In three months, when I come home after a long day of work, I will not have to say, “Why are there DISHES IN THIS SINK!?” The thought of this conjures up dueling emotions within me. My feelings about and reaction to dirty dishes in the sink (or anywhere for that matter) is closely akin to Joan Crawford’s feelings, as portrayed in Mommie Dearest, about wire hangers. I have made this disdain no secret for all of my life! Yet, my children sometimes find it challenging to honor my request to alleviate the pain that comes with this major pet peeve. So, I do a little happy dance when the thought of lowered blood pressure and no more flared nostrils comes across my mind. Alas, the feeling is fleeting. Within moments, a wave of melancholy washes over me, for as intense as my feelings are about unwashed dishes, my joy grows a thousand-fold when my children walk through the door. The idea that I will come home to a daily reminder of my children's absence saddens me far more than the potential for fewer (internal) explosions excites me.
In the fall, my last two chickadees will leave the nest. No gentle nudging or pushing required of them. They have spread their virtual wings and are poised to fly away come August. One to the great big city of Austin, less than 30 minutes away sans traffic. The other to the enormous concrete jungle and a footloose and fancy-free freshman year at the University of Texas at Dallas. I thought I had traversed the emotions that naturally appear when one’s youngest offspring is preparing to graduate. We saw this coming last year when Daughter Number Two decided to do a year of community college at home rather than traipsing all the way to Lubbock. The excitement of two staying at home for one more year, quickly gave way to double despair when we redid the math. Two would then be leaving in August 2015. The nest would be empty all at once. I curse the day. I guess I haven’t worked through my feelings because I get a little pit in my belly as I try to imagine a house with no children, without my children.
So there will be no dirty dishes in the sink, but there will also be no talkative, silly, bantering teenagers. No stories of what happened in class or goings-on from high school or community college for the day. No loud, opinionated discussions of current events and ideas. I will come home and my lovelies will not be here for me to ask “How was your day?”and to be inundated with the delightful minutia of class discussions, antics and observations from their respective schools. I will not be asked impossible questions such as “Do you know what the rational value of 39 would be if you squared it and multiplied by the exponential factor of 42 divided by pi?” (That’s what the youngest’s inquiries sound like to my old ears! She’s been a genius her whole life and we are just trying to live in her world). No nerd talk of obscure details related to world history, psychology, etymology. These are just a few of the regular topics covered as we wash dirty dishes and the like.
This dailyness of life for more than 26 years has made us what we are. My husband and I have never, ever been without kids. I brought one into the relationship. We are the best of friends and relish each other’s company, but we’ve parented a decade longer than we have not. The silence alone could do us in. Yes, we will have each other and our friends. We still have to work (probably until the kingdom comes to cover the cost of three children in college all at once). We will be busy, I’m sure. We even have a grandbaby on the way so surely, he’ll take up plenty of our time- even if it just talking about him and cooing at him on Face Time. It’s not a matter of what we’ll do with all the hours we will get back since we won’t have parent meetings, school and athletic events to regularly attend, appointments or quick shopping trips to buy needed items. It’s about transitioning into a brand-new chapter of our life. We saw it coming, but really there was no way to prepare our hearts for it fully. Sure, this year has been a transition in and of itself. Everyone drives themselves to where they need to go for the most part. We give out money left and right and the children make plans and go off with their people.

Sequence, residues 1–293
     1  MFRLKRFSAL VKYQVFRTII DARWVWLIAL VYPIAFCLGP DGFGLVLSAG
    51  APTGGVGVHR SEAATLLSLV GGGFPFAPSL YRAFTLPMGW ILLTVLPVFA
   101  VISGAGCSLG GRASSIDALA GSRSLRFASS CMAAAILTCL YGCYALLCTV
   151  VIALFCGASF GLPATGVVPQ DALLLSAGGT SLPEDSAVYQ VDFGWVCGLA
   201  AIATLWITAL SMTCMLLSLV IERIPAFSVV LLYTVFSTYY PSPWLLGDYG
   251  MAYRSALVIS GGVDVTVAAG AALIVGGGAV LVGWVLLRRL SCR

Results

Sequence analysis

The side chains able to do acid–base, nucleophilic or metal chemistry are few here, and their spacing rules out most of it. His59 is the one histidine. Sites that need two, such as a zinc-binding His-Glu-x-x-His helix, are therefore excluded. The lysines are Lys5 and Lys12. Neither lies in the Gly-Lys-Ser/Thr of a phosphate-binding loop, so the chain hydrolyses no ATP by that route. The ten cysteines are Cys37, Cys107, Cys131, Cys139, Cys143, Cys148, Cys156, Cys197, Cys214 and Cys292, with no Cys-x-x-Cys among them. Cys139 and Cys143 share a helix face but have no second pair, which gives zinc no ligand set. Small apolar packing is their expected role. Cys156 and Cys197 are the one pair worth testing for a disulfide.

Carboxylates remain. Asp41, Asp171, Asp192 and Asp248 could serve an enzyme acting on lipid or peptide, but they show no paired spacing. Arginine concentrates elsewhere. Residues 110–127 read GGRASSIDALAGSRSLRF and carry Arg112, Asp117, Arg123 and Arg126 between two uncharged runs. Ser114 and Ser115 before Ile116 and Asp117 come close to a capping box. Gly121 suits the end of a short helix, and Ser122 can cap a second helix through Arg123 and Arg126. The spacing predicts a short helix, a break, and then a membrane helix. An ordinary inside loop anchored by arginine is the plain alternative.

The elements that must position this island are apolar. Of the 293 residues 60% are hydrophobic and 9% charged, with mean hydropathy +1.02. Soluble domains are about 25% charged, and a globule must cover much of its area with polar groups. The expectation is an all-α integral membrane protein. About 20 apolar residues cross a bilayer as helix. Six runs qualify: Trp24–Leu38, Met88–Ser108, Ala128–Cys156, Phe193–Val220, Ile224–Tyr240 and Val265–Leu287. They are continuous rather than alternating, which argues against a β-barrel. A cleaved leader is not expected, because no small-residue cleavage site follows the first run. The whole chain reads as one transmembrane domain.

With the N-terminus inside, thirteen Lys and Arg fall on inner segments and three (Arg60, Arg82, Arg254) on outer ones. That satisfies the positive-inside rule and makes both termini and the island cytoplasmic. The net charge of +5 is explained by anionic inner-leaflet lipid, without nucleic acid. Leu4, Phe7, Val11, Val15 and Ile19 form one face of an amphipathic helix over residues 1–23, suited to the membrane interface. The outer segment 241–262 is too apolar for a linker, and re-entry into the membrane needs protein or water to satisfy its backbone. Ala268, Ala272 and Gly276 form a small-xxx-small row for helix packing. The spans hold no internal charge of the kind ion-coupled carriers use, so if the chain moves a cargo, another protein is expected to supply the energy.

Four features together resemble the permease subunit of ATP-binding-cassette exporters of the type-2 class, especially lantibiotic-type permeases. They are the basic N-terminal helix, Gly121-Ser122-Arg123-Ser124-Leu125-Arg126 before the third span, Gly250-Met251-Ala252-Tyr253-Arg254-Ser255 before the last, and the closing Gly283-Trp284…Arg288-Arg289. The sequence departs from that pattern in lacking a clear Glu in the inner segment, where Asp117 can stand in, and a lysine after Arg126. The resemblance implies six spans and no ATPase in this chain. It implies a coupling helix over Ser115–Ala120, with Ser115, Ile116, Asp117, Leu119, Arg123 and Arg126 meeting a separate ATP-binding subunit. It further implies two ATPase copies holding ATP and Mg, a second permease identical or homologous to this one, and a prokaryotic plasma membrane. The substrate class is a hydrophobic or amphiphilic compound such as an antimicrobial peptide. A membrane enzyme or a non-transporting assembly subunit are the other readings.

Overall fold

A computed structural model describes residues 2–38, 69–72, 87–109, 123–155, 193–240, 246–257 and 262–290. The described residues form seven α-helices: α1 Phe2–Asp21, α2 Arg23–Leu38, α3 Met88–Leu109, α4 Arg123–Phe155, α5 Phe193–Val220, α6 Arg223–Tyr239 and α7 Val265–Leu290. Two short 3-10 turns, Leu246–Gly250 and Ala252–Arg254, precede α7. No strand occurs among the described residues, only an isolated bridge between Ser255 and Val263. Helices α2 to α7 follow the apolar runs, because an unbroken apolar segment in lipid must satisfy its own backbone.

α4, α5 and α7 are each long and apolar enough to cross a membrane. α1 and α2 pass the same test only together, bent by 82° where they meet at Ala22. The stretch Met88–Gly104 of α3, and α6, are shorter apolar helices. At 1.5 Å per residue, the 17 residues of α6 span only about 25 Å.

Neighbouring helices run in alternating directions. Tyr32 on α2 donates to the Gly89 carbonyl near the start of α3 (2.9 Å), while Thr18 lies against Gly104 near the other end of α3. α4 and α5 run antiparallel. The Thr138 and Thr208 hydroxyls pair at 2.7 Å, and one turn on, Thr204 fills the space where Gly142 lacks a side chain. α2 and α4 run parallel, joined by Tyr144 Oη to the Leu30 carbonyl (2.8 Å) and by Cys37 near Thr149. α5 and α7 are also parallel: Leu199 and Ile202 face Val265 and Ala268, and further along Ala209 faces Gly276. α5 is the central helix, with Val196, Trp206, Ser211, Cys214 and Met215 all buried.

Daughter Number Two is rarely at home during the weekdays due to work, school and service. Number Three has been swamped with adding the finishing touches to an epic senior year. Nonetheless, they are here. Evidence of their presence abounds- like dirty dishes in the sink, backpacks and tennis shoes on their bedroom floors, the constant hum of the washer and dryer, the TV set to Netflix. When I come home, I look for them even when I know they aren’t here. The dishes make me crazy, yet by them I can tell a lot about the days my girls might be having. Even before I talk to them. I can tell when they woke up, if they left the house on time, how long they’ll be gone. From the trails they leave behind, I get an inkling as to their frame of mind at departure and the mood they will likely be in upon their return (a happy mood as long as I don’t go all Joan Crawford on them).
We aren’t the first and definitely not the last parents to watch their progeny go out to make a mark on the world. It’s not the first time we’ve had our own fledglings venture out into the wilderness. But there’s something about the last one, and in our case the last two. In a few short months, I will have to develop new instincts and skills to detect their moods, needs, health and wellness. We all will have to evolve into new ways of being and connecting with one another. We can learn. We will adapt. We will survive. And so will our little chickadees.